Keeping your pets safe this spring

By on March 28, 2023

We are more than one week deep into spring, the season of renewal and To-do lists. But remember your pets as you embark on spring-cleaning your home and prepping your garden beds.

The spring season is ideal for scheduling a check-up for your pet at your local vet, and it’s also the season that ushers in potential perils for your pet. Keep reading for reminders on keeping your pets safe.

Spring Health Check-up

Use the beginning of daylight saving time (DST) as a reminder to schedule a spring health examination for your pet. After a long winter inside and exposure to cold outside, pamper your pet with a check-up. In one appointment, your pet can receive any of the following treatments:

– Nail trim

– Anal gland expression

– Dental care

– Ear cleaning

– Weight maintenance

– Preventive medicine (i.e., heartworm, flea & tick)

Hazards of Spring

Some hazards for our favorite furballs come with the refresh and radiance of spring. So keep reading to be prepared for the dangers of the season:

Allergies & Insects

Just like us, pets can suffer from seasonal allergies. Your fluffy buddy can be irritated by pollen from trees, weeds, grasses, and flowers just as much as you are. So keep an eye out for signs of allergies in your pet, such as sneezing, runny eyes, increased scratching and licking, or face-rubbing. If you suspect your pet is suffering from allergies, make an appointment with your veterinarian, who can diagnose the allergy and provide much-needed relief.

If you live in a seasonal climate where spring means warmer temperatures, it also means an increase in insects. Fleas, ticks, and mosquitoes are just as much a hazard to your pet as they are to you, so protect them like the family member they are.

  • Fleas are nearly unavoidable but manageable. If a flea infestation goes unmanaged, fleas could overrun your home in a few weeks, and your pup could scratch itself to an unwelcome infection. Talk to your vet and decide the best flea-prevention plan for your pet and home.
  • Ticks are dangerous because of the health risks they present. Beyond anemia, blood loss, and skin infection, ticks can also transmit various regional diseases. Talk to your vet about the best tick prevention for your pet, and don’t forget to do your manual tick-checks whenever your pet comes in from a long romp in the lawn.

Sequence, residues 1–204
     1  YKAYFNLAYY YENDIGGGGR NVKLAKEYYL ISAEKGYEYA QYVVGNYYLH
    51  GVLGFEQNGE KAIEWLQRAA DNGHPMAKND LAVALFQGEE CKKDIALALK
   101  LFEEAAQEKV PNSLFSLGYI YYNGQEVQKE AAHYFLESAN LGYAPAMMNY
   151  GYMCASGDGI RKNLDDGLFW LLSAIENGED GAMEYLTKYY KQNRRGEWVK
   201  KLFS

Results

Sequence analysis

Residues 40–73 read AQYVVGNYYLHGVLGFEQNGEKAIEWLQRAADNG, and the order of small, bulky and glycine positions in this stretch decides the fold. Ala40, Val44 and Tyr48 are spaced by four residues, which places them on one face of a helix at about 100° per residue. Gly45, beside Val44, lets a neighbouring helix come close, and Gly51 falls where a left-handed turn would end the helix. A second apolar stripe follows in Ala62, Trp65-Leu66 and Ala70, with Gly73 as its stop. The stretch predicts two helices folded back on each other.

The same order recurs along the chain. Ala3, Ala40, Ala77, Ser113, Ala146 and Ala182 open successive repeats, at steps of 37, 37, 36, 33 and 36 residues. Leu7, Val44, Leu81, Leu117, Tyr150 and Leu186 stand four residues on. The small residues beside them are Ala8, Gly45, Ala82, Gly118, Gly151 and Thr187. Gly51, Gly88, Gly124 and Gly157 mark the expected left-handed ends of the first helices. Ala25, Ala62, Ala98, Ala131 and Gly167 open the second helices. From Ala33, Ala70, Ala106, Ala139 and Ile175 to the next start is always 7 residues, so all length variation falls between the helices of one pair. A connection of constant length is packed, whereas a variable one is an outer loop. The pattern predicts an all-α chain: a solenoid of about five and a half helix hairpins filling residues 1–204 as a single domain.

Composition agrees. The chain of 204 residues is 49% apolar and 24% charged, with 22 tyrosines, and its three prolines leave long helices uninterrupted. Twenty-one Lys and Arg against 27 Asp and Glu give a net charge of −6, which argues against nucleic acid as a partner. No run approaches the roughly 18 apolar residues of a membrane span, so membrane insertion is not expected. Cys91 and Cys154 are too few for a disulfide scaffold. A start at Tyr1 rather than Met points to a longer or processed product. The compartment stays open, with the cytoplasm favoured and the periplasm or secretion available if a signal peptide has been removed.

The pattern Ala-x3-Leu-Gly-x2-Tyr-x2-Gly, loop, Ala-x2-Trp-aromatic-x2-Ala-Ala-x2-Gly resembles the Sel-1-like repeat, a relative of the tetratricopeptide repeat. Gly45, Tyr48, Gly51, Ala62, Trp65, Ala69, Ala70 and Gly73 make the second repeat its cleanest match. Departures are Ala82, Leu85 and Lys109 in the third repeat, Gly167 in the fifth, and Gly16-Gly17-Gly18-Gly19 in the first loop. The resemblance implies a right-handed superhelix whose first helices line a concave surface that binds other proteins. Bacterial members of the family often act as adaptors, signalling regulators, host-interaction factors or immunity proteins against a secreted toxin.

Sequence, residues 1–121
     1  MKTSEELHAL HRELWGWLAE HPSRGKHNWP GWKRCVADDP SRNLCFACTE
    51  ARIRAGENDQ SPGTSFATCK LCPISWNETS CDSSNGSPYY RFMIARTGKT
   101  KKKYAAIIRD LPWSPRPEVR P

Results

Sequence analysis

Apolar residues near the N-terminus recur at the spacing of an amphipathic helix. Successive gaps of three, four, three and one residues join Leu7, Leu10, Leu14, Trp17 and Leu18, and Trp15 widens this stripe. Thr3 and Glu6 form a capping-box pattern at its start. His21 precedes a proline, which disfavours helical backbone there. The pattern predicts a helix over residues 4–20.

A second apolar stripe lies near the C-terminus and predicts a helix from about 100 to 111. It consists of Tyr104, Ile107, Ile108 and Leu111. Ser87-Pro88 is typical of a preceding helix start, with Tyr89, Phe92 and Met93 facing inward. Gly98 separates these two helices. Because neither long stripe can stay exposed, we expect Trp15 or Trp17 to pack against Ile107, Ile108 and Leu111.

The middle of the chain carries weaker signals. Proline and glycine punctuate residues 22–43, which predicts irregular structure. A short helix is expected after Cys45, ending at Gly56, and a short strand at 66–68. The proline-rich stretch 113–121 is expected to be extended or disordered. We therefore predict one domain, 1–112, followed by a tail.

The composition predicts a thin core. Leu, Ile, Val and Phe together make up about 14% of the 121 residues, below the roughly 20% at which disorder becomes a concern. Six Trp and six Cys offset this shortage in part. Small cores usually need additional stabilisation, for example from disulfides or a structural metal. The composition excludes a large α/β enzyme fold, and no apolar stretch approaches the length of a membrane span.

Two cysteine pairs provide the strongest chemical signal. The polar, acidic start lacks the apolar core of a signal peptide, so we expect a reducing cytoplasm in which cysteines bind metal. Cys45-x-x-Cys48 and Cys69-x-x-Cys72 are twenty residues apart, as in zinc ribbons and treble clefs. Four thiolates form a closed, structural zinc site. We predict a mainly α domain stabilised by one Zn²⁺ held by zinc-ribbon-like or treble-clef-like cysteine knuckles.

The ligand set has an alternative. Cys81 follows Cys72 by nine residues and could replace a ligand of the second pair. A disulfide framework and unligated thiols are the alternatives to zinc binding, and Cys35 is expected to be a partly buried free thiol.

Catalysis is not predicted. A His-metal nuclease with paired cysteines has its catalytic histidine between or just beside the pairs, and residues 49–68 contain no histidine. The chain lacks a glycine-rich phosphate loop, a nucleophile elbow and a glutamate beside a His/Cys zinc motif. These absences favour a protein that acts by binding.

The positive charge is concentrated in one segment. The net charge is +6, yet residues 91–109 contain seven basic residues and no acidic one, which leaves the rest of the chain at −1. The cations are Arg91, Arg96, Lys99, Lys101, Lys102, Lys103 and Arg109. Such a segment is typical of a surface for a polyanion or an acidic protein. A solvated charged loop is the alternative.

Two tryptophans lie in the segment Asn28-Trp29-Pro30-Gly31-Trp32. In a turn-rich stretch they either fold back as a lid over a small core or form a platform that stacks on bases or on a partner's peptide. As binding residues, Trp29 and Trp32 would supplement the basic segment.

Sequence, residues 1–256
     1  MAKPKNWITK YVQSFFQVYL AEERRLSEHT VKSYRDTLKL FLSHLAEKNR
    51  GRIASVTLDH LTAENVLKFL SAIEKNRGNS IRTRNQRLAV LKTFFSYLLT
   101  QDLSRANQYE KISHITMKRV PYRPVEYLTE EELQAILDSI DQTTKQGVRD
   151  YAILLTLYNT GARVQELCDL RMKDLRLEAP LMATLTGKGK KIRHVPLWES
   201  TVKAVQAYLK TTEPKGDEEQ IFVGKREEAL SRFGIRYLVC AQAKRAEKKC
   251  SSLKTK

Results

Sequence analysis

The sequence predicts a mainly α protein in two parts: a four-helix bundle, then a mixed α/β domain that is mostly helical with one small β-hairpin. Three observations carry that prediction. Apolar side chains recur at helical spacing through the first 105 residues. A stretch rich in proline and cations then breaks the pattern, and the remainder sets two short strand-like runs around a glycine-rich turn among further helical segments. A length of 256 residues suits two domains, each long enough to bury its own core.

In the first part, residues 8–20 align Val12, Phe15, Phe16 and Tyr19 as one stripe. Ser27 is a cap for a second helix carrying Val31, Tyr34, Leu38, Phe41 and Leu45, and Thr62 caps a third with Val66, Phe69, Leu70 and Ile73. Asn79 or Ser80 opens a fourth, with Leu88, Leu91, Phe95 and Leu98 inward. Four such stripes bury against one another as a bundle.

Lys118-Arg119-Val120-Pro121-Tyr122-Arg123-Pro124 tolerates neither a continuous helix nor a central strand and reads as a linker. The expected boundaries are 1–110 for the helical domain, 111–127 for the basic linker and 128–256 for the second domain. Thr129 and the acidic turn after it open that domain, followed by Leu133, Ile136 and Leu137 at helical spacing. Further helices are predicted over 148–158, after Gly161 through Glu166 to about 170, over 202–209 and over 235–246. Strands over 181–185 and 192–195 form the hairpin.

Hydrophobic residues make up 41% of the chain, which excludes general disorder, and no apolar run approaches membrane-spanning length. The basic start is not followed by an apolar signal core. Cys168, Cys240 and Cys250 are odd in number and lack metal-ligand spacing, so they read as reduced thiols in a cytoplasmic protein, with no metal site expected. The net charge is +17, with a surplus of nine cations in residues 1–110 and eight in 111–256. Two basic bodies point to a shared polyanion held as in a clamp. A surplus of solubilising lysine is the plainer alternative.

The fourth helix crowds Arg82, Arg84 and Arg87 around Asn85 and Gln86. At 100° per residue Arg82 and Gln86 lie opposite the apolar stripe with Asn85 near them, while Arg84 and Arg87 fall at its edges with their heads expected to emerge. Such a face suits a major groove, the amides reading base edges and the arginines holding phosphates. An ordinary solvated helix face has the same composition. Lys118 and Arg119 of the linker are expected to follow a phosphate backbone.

• Mosquitoes are as much a disease- and itch-causing annoyance to animals as they are to humans, so conduct a yard audit and remove any areas of standing water on your property before temperatures soar.

Outdoor Gardens

Who knew that gardens can also pose a risk to the health of your pets? They aren’t just beds of beauty and food; they can conceal dangers too.

  • Your home is likely free of poisonous plants to your pets, but have you considered plant toxicity when planning your outdoor garden? The list of potentially harmful plants to cats, dogs, and horses seems nearly endless, but make sure to cross-reference your plant purchases to this “Toxic and Non-Toxic Plants List” from the ASPCA: A few popular spring bloomers that are toxic to pets are daffodils, azaleas, and tulips (especially the bulb).
  • Since dogs are notorious diggers, ensure they’re digging in the safest dirt possible using pet-friendly fertilizers. If you use pesticides or herbicides, always follow the directions and store them in an unreachable place for your curious companions.

Spring Cleaning

Spring and cleaning go hand in hand, but don’t let this seasonal tradition bring an ailment to your pet. Household cleaning products like bleach, ammonia, and drain cleaners can be hazardous to humans and animals, but most humans know not to consume these chemicals. Protect your pet by only choosing non-toxic, pet-friendly cleaners, or store conventional cleaners in safe places. If your fluffy buddy is terrified of the vacuum, consider using a broom on hardwood floors or only vacuuming while your pet is outside or safely stowed in another room.


Easter is fast approaching, and while kids are anticipating candies and hunts, you need to expect how to keep your pet safe on this celebratory holiday. Unfortunately, a few icons of Easter can bring distress and harm to your pets:

– Easter lilies are toxic to cats.

– Chocolate is toxic to dogs and occasionally cats.

– Xylitol, the ingredient in sugar-free candies, can be toxic to dogs and cats.

– Colorful plastic grass, commonly stuffed in Easter baskets, can be attractive to nibbling kitties but can easily obstruct their digestive tracts.

Welcome this season of renewal by scheduling a health check-up for your pet, planning how to prevent and manage allergies and insects, creating a pet-friendly yard and garden, cleaning your house with non-toxic cleaners, and celebrating a safe Easter for all.

Lastly, spring brings more time at dog parks and more play dates outside, so make sure your pets are microchipped correctly in case they wander too far away from home. May spring always remind you to refresh your life and protect your pet at the same time.

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